FOREX-Dollar stuck as traders assess Fed outlook before CPI; Aussie jumps

By Ankur Banerjee and Kevin Buckland

SINGAPORE, Feb 9 (Reuters) - The U.S. dollar hovered near the middle of recent ranges versus major peers on Thursday as investors digested comments from a slew of Federal Reserve officials, while crucial consumer inflation data loomed next week.

Meanwhile, the risk-sensitive Australian dollar rallied against a backdrop of gains for U.S. equity futures and a more hawkish Reserve Bank. The New Zealand dollar also advanced.

Moving to a federal funds rate of between 5.00% and 5.25% "seems a very reasonable view of what we'll need to do this year in order to get the supply and demand imbalances down," New York Fed President John Williams said at a Wall Street Journal event.

Williams's comments followed Chair Jerome Powell's sticking by his interest rate outlook on Tuesday, when he reiterated that a process of "disinflation" was underway.

The dollar index, which measures the U.S. currency against six rivals, slipped 0.13% to 103.32, pulling away from the one-month high of 103.96 it touched on Tuesday at the peak of a rally following Friday's stronger-than-expected jobs report. At the same time, 103 has provided a firm floor all week.

The employment data initially raised expectations that the Fed might go back to an aggressive monetary policy stance, but Powell did not lean that way in his speech.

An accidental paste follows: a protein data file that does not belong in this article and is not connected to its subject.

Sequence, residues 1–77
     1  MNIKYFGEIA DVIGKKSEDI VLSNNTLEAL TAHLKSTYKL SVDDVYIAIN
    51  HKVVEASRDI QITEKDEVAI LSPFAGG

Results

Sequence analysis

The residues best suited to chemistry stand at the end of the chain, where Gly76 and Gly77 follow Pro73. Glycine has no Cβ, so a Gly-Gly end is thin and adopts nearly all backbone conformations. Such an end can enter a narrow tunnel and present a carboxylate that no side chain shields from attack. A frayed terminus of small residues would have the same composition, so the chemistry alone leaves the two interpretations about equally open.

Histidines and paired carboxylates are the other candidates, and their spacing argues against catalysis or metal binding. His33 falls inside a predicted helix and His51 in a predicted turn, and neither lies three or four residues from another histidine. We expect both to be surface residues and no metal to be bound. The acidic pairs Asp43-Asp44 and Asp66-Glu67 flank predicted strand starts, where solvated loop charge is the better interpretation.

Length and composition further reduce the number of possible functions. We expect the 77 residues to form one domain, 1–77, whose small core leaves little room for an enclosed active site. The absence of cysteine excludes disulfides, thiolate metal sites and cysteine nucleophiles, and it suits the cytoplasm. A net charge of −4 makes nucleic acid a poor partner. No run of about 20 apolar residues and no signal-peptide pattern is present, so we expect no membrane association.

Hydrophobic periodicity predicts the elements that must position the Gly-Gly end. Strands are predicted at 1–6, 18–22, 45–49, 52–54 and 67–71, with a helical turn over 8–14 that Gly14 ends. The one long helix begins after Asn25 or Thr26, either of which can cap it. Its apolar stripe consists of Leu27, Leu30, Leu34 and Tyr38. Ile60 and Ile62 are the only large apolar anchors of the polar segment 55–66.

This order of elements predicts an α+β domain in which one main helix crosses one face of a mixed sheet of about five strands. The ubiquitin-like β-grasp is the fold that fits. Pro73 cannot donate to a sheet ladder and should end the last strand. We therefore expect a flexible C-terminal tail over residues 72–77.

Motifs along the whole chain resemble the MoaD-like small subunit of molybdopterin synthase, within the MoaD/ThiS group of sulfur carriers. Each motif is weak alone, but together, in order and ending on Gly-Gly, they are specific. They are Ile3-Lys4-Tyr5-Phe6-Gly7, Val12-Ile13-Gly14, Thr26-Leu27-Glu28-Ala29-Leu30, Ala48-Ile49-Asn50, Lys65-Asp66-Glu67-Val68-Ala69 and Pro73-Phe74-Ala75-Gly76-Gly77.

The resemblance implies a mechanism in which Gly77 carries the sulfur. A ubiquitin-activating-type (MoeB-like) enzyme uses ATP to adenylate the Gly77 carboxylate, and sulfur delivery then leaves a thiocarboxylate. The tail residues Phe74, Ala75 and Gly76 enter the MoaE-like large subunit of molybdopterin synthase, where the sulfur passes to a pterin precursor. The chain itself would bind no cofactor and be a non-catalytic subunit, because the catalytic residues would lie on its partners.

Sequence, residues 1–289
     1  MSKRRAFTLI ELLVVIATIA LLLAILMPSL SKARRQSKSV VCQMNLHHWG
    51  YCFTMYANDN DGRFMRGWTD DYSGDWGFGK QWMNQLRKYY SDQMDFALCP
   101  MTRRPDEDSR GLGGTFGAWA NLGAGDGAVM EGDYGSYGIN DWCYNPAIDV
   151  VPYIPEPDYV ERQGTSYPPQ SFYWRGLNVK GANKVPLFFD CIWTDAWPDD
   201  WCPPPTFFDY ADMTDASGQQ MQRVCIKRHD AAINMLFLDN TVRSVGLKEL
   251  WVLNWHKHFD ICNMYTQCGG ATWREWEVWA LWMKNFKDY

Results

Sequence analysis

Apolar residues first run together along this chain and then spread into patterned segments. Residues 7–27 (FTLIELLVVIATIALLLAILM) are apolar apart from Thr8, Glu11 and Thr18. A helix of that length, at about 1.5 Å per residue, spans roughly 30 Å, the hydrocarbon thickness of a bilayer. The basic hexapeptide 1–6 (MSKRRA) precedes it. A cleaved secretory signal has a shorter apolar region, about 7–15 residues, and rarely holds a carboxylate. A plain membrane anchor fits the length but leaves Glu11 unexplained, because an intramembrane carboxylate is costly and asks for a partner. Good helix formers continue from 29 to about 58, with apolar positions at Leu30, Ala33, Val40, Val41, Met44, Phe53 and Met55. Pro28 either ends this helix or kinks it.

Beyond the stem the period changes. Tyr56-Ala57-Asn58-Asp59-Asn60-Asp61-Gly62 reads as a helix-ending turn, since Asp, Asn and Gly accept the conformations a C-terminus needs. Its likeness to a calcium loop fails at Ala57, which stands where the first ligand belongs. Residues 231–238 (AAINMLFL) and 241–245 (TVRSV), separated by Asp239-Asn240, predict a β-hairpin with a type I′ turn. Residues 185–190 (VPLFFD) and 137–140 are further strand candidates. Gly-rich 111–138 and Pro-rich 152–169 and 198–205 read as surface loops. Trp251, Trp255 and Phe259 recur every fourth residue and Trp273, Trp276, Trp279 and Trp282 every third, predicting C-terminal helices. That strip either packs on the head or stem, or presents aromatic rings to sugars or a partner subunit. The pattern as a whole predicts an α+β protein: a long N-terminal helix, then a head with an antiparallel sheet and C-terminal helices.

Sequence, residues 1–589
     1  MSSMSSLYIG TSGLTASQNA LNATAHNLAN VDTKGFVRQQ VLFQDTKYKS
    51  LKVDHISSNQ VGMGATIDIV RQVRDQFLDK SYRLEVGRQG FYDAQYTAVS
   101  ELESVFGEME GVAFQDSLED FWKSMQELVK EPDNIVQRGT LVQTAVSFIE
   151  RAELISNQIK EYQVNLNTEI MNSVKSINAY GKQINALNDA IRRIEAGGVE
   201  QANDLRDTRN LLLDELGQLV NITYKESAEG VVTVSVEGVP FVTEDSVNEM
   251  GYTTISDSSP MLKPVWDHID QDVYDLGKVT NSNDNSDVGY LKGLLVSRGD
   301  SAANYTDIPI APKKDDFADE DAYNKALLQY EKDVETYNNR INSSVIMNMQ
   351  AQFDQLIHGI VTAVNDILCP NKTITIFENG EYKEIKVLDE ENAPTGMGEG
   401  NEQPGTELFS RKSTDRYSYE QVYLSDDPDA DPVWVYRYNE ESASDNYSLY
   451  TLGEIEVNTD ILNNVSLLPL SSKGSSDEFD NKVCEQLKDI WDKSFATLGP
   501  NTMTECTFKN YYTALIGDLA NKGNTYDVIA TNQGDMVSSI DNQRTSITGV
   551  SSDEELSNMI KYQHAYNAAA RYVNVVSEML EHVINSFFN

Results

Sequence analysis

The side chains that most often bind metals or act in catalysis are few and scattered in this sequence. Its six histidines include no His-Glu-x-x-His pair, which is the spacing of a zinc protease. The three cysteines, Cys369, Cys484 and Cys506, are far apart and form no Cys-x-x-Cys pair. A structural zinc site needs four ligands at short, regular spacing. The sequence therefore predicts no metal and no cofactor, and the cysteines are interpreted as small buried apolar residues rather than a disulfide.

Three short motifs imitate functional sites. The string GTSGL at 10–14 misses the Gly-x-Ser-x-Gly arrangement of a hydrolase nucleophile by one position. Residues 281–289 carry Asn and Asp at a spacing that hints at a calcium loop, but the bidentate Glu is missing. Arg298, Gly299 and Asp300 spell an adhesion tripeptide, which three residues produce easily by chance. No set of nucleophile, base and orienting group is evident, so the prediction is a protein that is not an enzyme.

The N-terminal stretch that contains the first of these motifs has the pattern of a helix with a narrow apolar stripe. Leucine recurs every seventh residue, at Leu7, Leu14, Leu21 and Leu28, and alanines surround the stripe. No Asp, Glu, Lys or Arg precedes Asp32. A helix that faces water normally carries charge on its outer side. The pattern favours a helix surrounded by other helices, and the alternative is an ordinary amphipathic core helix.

Investors will closely watch consumer price inflation data on Tuesday for additional clues on the policy outlook.

OCBC currency strategist Christopher Wong said the pace of rebound in the dollar was showing tentative signs of moderation but the currency was still somewhat supported by Fed suggestions that rate hikes will continue.

"On one hand Powell's comments at the Economic Club of Washington the night before were less hawkish but on the other hand, Fed officials such as Williams (and Fed Governor) Lisa Cook took the opportunity to turn up the hawkish rhetoric," said Wong.

Market pricing anticipates the Fed funds rate peaking just above 5.1% by July then falling by the end of the year to 4.8%.

The euro rose 0.18% to $1.07325, pulling away from the one-month low of $1.067 it touched on Tuesday, as it continued to find support from Wednesday's hawkish comments from two German officials at the European Central Bank (ECB).

"From where I stand today we need further, significant rate hikes," German central bank chief Joachim Nagel told the newspaper Boersen-Zeitung on Tuesday.

His colleague Isabel Schnabel said it is not yet clear that the ECB rate hikes so far would bring inflation back to 2%.

The Japanese yen was flat at 131.455 per dollar, while sterling was last trading up 0.1% at $1.2087.

The Australian dollar rose 0.49% to $0.6958, while the kiwi was up 0.66% at $0.63485.

(Reporting by Ankur Banerjee in Singapore and Kevin Buckland in Tokyo; Editing by Bradley Perrett and Kim Coghill)